I’ve heard it said that “nothing good ever happens after midnight.”
To that end, Dallas city officials are wrestling with whether to retain a 26-year-old curfew the city imposed against juveniles.
They ought to do what they can to retain the curfew, which is set to expire Friday if the council doesn’t act.
I’m not a particularly harsh old geezer on this. I just believe that cities have an inherent duty to enact measures that maintain safety. Dallas’s curfew isn’t perfect, but it is a reasonable approach to seeking and keep the community safe.
The ordinance requires youth younger than 17 years of age to be off the streets between 11 p.m. and 6 a.m. Sunday through Thursday, and from midnight to 6 a.m. Friday and Saturday. They may be out in the wee hours if they are accompanied by an adult. Violating the ordinance could result in a $500 fine.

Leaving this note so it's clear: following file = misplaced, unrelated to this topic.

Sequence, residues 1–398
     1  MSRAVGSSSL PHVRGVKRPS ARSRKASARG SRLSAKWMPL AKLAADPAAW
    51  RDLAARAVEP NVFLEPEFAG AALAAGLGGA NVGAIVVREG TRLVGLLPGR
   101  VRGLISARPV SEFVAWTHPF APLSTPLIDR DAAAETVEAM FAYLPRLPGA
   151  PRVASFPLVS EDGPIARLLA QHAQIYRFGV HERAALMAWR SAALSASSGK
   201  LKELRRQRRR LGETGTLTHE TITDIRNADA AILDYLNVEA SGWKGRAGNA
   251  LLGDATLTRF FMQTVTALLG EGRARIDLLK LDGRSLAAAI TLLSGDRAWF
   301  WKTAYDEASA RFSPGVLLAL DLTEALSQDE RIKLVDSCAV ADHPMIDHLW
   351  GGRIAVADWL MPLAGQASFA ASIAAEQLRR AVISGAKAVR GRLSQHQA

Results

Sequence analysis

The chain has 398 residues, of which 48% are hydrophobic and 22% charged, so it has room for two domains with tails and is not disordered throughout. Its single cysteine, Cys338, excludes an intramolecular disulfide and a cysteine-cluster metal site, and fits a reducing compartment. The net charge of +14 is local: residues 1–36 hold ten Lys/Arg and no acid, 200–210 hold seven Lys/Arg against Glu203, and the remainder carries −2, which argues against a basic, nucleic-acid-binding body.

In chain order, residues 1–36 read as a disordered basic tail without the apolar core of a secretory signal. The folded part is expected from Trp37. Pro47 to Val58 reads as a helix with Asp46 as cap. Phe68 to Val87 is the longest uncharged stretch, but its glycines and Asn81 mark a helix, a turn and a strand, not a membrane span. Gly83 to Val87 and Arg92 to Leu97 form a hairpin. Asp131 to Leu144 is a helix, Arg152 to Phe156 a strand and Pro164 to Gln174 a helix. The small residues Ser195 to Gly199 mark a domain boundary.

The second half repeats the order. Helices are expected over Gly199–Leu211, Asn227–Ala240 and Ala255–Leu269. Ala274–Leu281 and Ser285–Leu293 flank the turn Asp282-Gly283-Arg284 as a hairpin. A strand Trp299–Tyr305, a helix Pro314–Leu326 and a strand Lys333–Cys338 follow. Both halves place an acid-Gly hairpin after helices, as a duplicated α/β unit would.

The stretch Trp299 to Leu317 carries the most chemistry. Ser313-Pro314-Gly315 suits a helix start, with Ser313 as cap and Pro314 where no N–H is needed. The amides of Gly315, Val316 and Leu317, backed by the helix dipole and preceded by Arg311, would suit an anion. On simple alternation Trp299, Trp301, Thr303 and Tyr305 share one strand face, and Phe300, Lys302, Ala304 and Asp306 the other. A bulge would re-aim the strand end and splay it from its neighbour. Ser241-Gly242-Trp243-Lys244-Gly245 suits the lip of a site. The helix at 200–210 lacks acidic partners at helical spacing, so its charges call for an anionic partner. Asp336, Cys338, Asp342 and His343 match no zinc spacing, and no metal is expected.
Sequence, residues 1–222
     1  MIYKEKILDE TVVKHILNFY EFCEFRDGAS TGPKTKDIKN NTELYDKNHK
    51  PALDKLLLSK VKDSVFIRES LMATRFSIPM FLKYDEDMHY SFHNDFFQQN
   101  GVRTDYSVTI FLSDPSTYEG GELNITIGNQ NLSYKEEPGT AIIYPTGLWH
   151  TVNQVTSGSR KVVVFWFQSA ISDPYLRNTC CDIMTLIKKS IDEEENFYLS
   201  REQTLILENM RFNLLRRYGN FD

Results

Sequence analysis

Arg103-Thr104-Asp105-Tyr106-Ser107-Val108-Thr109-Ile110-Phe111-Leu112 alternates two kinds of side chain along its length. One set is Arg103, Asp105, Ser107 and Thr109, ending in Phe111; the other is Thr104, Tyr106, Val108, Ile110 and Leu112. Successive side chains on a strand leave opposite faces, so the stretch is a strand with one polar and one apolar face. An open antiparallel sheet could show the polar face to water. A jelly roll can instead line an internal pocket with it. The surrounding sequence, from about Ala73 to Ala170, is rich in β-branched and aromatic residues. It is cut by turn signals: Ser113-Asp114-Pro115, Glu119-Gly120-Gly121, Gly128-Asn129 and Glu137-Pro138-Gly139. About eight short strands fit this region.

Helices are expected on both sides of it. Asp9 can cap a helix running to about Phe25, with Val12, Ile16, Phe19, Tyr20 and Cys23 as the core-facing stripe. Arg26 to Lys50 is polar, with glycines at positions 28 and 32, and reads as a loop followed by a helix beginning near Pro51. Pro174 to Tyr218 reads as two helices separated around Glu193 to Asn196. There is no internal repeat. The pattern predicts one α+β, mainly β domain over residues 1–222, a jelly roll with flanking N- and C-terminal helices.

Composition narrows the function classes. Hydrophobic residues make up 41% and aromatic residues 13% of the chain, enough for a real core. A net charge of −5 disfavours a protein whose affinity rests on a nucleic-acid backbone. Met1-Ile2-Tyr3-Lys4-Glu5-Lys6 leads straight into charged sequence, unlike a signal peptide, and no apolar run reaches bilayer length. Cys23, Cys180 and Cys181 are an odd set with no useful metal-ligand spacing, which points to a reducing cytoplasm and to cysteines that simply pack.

I’ve heard the criticism from some who believe the curfew “unfairly” targets children who live in low-income neighborhoods. That’s a bit of a head-scratcher. Are these folks saying that children who live in low-income neighborhoods more inclined to be out past curfew than those who live in swankier ‘hoods? That doesn’t quite compute with me.
The issue for retaining the ordinance seems to revolve on whether to lessen the penalties for violators. Some residents and activists want to “decriminalize” the act of violating curfew. Hmm. How does that work? If you are breaking the law, aren’t then, by definition, a criminal?
Cities enact curfew with one intention, to protect children from late-night mischief that too often produces tragic results.
Dallas is no different. Keep the curfew.
Here is a Dallas Morning News editorial supporting the curfew. I stand with the newspaper editorial board on this one.